[Cake] More on 'target' corner cases - rate/target/interval confusion?

Jonathan Morton chromatix99 at gmail.com
Mon Nov 16 07:41:43 EST 2015

> Video & Voice can gang together to claim 3/4 bandwidth
> still leaving 1/4ish to be battled between bulk & best effort…

That’s the intended behaviour of the current settings, since Voice borrows all the bandwidth it uses from Video’s allocation.

With Video reduced to a ½ allocation, Video + Voice should also be limited to ½ in total if there is competing saturating traffic.  It’s possible that you haven’t altered the “bandwidth balance” DRR weights to match the new allocations, which might cause such an artefact.

>> The tin-specific tuning of target and interval was introduced when Cake had a separate hard shaper per tin.  It was the obvious design at the time. Now that Cake uses soft shaping between tins (allowing any tin to use the full link bandwidth if uncontended), it’s possible that choosing identical target and interval for all tins might suffice.  Alternatively, we might choose an even more conservative strategy.
>> But which - and how do we decide?

> I've no idea!  I tried the following experiment:  set ingress & egress
> b/widths to 2mbit & 448kbit respectively (like my parents adsl...on a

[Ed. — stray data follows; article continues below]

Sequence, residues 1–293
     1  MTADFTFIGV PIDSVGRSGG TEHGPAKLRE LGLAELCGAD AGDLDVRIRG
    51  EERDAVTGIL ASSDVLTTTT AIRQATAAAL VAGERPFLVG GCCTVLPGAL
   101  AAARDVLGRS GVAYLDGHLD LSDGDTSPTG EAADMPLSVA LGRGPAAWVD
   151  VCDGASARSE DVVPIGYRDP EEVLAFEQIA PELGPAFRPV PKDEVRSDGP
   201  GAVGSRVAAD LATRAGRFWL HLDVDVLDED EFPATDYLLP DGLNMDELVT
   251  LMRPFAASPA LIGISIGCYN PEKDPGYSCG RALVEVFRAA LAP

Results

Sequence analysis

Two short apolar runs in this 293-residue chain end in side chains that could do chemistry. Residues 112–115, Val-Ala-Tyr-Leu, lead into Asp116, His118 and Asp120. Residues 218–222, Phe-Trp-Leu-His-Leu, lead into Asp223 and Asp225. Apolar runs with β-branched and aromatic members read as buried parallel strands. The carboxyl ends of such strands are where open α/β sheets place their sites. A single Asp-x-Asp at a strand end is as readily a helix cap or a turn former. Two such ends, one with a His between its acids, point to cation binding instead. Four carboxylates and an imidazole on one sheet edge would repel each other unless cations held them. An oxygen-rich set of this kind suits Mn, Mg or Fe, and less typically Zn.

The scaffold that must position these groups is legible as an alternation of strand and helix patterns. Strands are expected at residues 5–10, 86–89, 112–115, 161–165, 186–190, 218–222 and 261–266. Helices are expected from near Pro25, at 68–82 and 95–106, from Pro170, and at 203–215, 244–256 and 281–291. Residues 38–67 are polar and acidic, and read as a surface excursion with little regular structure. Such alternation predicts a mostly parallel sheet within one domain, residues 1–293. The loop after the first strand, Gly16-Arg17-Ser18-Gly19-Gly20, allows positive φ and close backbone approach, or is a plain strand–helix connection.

> good day)  Ran a 'rrul8_splittin' and noted ping box_plot for each tin -
> EF was about 30ms higher (120ms) than CS3 (90ms)  Thinking I'd found a
> smoking gun and that 120ms was quite close to the EF target of 140ms I
> tweaked code to copy tin 0 target across all tins .....  it barely made any
> difference at all!

Since you’re using saturating traffic in all tins, Voice will be operating in “deprioritised” mode to penalise this abuse, so a higher latency is entirely expected.  If you delete the EF bulk flows but leave the latency measurements in place, you should see a big latency advantage.

As I tried to explain before, the Codel settings affect latency and throughput *within* flows rather than *between* them.  Since you are presently measuring using a between-flows methodology, it’s not surprising that you saw no difference.

 - Jonathan Morton

More information about the Cake mailing list